Wildwood Park residents: Build us a berm

Published 10:06 am Tuesday, July 22, 2014

City claims mitigation efforts already protect area

Margie Nelson had about 5 feet of water in her basement during the record flood of 2004.

She also had 2 inches of water in her garage during Austin’s worst flood on record, when the Cedar River overflowed its banks and reached 25.2 feet deep.

She was among more than 25 people from the Wildwood Park neighborhood to ask the Austin City Council Monday to build a berm near their homes north of Interstate 90 and east of the north Hormel Foods corporate office.

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Wildwood Park residents approached Public Works Director Steven Lang last month with a similar request, though Lang said the neighborhood should have already been taken care of through the city’s flood mitigation efforts.

Yet residents fear the city hasn’t done enough to keep their homes safe.

“What about our neighborhood?” she asked the council.

According to resident Michael Weinmann, residents don’t believe city flood maps and studies are accurate enough to protect their homes. Many residents had their basements flooded through their sewer and through underground water during previous floods and don’t think the city’s recent flood efforts have done enough for their homes.

In recent years, the city of Austin bought out 16 of 17 homes along First Street Northeast in the neighborhood through a $2.1 million Federal Emergency Management Agency grant. Lang said the city filled in the basements and turned off the sewer lines of those properties, which should take care of the issue.

A big issue is the natural funnel created by an Interstate 90 bridge over the river. In 2004, water nearly touched the bottom of the bridge and residents are concerned flood mitigation efforts like the North Main Flood Control Project in downtown Austin would push water back into the Wildwood Park area during a storm.

“Our biggest concern is that the water is going to be even closer,” Weinmann said.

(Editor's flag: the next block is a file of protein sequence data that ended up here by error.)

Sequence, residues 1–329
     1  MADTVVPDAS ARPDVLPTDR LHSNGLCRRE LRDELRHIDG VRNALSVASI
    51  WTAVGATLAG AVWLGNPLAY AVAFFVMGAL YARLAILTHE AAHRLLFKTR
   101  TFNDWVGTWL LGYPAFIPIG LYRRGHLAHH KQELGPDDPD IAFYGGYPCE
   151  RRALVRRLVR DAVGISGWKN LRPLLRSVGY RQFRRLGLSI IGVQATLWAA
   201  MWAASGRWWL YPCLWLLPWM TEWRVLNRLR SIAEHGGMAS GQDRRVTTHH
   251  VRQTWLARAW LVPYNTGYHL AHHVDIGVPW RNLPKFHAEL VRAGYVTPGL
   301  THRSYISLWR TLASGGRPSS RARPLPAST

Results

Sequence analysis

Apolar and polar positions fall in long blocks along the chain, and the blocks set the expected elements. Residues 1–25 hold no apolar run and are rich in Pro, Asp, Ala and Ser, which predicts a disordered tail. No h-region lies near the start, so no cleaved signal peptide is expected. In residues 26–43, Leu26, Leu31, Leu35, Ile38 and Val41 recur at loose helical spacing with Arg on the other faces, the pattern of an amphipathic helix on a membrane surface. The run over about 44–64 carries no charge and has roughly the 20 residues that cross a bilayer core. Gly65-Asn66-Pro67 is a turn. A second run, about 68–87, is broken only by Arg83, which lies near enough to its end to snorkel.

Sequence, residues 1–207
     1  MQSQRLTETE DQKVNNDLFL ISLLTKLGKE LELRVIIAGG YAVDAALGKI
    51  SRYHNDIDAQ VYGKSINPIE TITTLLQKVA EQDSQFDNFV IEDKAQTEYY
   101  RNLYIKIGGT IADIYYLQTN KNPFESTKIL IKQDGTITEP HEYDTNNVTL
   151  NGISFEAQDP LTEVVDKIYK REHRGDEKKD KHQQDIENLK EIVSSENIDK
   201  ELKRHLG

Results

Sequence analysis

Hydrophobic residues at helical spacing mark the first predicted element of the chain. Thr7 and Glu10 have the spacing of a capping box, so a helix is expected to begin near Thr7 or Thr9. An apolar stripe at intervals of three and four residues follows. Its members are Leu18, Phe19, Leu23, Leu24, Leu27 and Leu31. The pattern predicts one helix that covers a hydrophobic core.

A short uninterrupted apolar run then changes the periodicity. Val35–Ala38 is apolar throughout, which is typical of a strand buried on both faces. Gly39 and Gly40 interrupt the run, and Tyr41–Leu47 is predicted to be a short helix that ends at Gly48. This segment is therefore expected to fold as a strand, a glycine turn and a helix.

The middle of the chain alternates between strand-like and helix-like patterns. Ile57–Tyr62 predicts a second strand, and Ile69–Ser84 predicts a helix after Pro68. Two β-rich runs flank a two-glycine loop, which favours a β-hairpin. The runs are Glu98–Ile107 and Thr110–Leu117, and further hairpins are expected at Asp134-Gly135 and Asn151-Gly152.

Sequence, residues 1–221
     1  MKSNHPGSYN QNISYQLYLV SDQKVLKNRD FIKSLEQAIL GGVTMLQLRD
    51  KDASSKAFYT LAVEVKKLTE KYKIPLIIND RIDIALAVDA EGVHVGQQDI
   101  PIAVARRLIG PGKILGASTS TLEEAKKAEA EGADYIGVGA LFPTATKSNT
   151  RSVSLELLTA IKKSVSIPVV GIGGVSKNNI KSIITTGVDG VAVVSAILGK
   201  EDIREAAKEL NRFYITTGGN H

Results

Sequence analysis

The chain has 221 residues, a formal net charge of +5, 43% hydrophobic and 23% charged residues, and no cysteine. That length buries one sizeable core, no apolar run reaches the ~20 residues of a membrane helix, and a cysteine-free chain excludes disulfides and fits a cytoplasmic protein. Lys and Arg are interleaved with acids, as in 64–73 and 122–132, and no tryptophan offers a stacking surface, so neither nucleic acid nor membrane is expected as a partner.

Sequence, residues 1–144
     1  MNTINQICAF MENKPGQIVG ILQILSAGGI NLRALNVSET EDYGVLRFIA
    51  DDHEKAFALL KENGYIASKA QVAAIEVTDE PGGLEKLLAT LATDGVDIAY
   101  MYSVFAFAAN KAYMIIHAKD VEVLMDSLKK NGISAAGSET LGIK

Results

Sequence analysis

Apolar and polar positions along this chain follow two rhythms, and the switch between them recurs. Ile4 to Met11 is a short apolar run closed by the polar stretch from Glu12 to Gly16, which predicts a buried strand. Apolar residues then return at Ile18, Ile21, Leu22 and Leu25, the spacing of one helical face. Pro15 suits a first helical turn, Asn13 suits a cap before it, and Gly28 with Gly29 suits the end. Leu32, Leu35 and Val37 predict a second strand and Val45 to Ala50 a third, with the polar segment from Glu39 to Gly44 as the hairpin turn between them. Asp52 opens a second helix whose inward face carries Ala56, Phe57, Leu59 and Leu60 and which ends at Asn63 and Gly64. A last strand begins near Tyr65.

An engineering firm hired by the city found the Cedar River would only rise 1 to 1.5 inches north of Interstate 90 due to the North Main Flood Control Project and other city mitigation efforts. In addition, another engineering firm hired by the Cedar River Watershed District confirmed those projections.

Those figures were estimates based on trends found in the firm’s hydraulic evaluation — the way to figure out how water moves through an area. Floods can still happen based on a variety of weather and soil factors, according to Lang, which can make estimating how a river changes difficult.

Lang told the crowd the city’s efforts are to prevent surface water damage during floods. Though some residents were angry the city built berms and flood walls near apartments and businesses in downtown Austin, Lang said the city’s work was designed to help as many residents as possible by moving the water downriver without allowing it to spill over.

“We don’t want to create the problem somewhere else,” he said. “We want to alleviate it for everyone as best we can.”

Yet Lang expressed concerns about building a berm in Wildwood Park. He told the council several neighborhoods had similar requests as residents feared what would happen if they lived close to the river.

Should the council approve a berm in Wildwood Park, the city would likely have to address 17 other neighborhoods, which the city wouldn’t be able to fund for several years.

“We have to draw the line somewhere,” Lang said.

Mayor Tom Stiehm and council members told the crowd the city would research the issue.